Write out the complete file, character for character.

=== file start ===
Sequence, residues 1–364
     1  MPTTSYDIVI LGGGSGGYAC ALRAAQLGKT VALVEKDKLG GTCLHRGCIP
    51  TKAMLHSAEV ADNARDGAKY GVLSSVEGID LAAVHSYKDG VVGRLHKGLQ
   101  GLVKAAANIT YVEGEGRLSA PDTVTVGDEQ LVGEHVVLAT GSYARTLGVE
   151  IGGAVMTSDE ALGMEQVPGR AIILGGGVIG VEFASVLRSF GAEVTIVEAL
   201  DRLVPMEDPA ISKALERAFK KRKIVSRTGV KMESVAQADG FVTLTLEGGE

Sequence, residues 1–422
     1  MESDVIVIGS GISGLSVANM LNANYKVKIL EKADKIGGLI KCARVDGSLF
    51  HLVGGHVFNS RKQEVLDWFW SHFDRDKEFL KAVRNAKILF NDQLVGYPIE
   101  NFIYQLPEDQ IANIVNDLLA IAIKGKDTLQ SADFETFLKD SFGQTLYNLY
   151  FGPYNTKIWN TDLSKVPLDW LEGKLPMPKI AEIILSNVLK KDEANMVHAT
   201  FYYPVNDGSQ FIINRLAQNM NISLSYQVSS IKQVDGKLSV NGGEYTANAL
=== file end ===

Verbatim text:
Sequence, residues 1–364
     1  MPTTSYDIVI LGGGSGGYAC ALRAAQLGKT VALVEKDKLG GTCLHRGCIP
    51  TKAMLHSAEV ADNARDGAKY GVLSSVEGID LAAVHSYKDG VVGRLHKGLQ
   101  GLVKAAANIT YVEGEGRLSA PDTVTVGDEQ LVGEHVVLAT GSYARTLGVE
   151  IGGAVMTSDE ALGMEQVPGR AIILGGGVIG VEFASVLRSF GAEVTIVEAL
   201  DRLVPMEDPA ISKALERAFK KRKIVSRTGV KMESVAQADG FVTLTLEGGE

Sequence, residues 1–422
     1  MESDVIVIGS GISGLSVANM LNANYKVKIL EKADKIGGLI KCARVDGSLF
    51  HLVGGHVFNS RKQEVLDWFW SHFDRDKEFL KAVRNAKILF NDQLVGYPIE
   101  NFIYQLPEDQ IANIVNDLLA IAIKGKDTLQ SADFETFLKD SFGQTLYNLY
   151  FGPYNTKIWN TDLSKVPLDW LEGKLPMPKI AEIILSNVLK KDEANMVHAT
   201  FYYPVNDGSQ FIINRLAQNM NISLSYQVSS IKQVDGKLSV NGGEYTANAL